When we engage in these countries, we use our knowledge and networks, capitalizing on our ongoing work with financing partners and strong collaboration with the FAO country offices and technical divisions, which we aim to intensify. Our work through the Hand-in-Hand initiative has enabled us to infuse our technical contributions, like economic and financial analyses and value chain knowledge, to be more impactful as one FAO.

In May, I visited the FAO Regional Office in Santiago, Chile, along with our Centre’s Director and other colleagues, followed by visits to Honduras and Panama. This was an opportunity to really engage with our regional and country office colleagues and partners, to introduce our Transformation Plan and understand how the Investment Centre can be more effective in providing the ‘4+2’ finance and investment solutions. This includes working more with national development banks and fostering innovative finance in collaboration with partners. For example, we have been developing a pipeline of potential borrowers in five Caribbean countries for a European Union-financed impact fund called AgriFI. 

The Investment Centre is demand driven, so we try to maintain strong technical capacities that can be mobilized quickly when countries and partners need them, like the ability to evaluate the environmental impacts of interventions in agriculture.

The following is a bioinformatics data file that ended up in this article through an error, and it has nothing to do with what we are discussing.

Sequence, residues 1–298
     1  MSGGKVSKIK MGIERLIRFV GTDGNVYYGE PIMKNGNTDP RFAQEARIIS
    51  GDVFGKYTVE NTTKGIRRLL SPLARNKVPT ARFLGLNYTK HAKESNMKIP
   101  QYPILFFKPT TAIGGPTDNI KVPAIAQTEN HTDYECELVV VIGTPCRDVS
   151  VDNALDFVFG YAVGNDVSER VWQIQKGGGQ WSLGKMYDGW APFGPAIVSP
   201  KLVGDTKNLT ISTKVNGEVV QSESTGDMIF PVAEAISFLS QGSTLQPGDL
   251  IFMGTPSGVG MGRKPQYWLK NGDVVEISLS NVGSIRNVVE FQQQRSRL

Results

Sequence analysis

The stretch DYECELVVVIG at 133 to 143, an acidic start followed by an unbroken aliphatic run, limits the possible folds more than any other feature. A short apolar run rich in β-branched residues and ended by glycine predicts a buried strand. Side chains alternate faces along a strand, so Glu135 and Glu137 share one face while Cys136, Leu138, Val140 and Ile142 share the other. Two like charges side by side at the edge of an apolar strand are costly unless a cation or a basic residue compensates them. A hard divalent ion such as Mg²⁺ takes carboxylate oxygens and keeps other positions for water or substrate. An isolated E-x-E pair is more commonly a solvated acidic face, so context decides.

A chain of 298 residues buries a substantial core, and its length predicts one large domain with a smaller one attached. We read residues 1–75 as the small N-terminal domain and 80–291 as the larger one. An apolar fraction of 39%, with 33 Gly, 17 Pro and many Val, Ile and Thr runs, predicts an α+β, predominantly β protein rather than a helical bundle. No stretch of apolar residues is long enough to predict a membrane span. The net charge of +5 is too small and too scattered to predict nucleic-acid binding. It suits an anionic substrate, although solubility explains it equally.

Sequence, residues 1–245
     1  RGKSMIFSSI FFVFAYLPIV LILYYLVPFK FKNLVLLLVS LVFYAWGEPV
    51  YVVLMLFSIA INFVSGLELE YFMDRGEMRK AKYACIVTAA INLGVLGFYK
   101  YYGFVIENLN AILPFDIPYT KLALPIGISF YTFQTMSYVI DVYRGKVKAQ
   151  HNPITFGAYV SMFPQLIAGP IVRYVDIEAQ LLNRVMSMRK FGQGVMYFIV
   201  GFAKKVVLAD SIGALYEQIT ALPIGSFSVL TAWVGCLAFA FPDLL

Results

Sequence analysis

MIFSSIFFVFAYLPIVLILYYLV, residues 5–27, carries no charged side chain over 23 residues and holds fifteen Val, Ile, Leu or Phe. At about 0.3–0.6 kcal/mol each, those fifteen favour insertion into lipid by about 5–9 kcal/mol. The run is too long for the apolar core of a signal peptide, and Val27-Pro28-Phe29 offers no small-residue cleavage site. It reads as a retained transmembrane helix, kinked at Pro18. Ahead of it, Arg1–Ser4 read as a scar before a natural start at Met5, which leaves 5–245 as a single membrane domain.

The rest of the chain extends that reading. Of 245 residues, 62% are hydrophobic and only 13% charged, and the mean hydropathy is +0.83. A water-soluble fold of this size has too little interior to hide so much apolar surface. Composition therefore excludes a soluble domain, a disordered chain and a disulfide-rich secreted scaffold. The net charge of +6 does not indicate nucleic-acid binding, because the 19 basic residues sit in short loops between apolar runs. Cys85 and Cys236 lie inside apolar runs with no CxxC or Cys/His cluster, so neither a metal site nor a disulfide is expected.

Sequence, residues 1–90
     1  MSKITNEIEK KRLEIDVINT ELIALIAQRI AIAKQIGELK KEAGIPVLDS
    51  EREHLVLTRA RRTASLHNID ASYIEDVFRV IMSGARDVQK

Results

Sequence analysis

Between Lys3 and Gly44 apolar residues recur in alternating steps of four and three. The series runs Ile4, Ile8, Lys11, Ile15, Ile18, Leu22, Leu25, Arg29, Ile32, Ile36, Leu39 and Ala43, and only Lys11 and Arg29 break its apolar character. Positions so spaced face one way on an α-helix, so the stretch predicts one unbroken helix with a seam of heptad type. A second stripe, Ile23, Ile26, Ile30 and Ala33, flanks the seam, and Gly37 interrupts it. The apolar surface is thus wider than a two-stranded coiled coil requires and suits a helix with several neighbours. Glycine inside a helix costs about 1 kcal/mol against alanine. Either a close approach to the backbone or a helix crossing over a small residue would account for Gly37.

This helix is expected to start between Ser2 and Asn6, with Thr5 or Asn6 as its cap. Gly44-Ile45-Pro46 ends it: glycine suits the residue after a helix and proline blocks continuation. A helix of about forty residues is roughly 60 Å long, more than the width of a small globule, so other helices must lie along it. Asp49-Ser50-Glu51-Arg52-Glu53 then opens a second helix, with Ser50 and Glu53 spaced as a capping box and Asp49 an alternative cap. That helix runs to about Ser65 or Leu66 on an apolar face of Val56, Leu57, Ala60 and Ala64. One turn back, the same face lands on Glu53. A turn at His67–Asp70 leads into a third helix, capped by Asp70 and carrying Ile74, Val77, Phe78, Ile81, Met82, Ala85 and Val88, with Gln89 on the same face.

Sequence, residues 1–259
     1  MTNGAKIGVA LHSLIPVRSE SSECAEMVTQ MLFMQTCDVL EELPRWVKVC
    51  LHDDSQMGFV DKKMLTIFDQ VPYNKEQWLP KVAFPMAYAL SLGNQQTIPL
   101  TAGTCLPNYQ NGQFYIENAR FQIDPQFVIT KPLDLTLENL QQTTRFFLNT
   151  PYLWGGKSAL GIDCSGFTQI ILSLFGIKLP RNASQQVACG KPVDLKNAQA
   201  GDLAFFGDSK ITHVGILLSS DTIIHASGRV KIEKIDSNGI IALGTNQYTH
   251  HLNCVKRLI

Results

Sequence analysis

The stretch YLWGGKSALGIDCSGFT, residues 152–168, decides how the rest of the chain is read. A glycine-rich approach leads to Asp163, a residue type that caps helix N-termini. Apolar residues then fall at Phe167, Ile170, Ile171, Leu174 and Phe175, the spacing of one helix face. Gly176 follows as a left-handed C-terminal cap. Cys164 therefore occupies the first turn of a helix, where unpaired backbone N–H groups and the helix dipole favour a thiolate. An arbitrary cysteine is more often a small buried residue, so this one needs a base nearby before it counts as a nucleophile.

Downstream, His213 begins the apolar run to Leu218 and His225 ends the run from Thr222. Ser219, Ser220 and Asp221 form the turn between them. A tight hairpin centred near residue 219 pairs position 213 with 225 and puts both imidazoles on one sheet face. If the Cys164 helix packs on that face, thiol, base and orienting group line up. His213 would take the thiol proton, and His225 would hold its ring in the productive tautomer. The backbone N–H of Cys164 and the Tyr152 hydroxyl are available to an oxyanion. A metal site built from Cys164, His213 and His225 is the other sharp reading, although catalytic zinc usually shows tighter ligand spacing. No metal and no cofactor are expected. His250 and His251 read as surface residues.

We need win-win solutions to overcome the pressing challenges. We are introducing innovative approaches, for example, by combining investment in social protection, agroforestry with climate action, agricultural extension and risk management in vulnerable areas in Colombia through a Green Climate Fund concept note. More generally, we are looking to use social, technological and financial innovations to help farmers access markets to increase incomes while also producing more diverse foods and sustainably managing their farms.  

Describe your management style.

Maintaining fluid lines of communication is important. I want people to know they can talk to me. We are a small but growing team, and as I am still new to this role, I rely on colleagues’ technical inputs, views and experiences working with our partners. I’m also very results driven, which matches our team’s mission to produce high-quality results, often under time pressure.

I benefit greatly from sharing knowledge and experiences with the entire management team – from the more seasoned colleagues to other newbies like me. I hope we can be innovative and creative collectively in how we engage with our partners and operate internally.

I dream of the Investment Centre being seen as a repository of specialized investment services, tools, approaches and knowledge that can be applied directly to investment to improve people’s lives in the foreseeable future.

What are some fun facts about you?

Outside of work, the thing I enjoy most is being in nature with my family. On the weekends, you’ll likely find us in the mountains, on the beach, hiking in one of the national parks or skiing in the winter. Having moved around a lot, I speak six languages. We also have one son who is Chilean and another American, as they were born while I was working in those countries.

Photo credit ©FAO/Giuseppe Carotenuto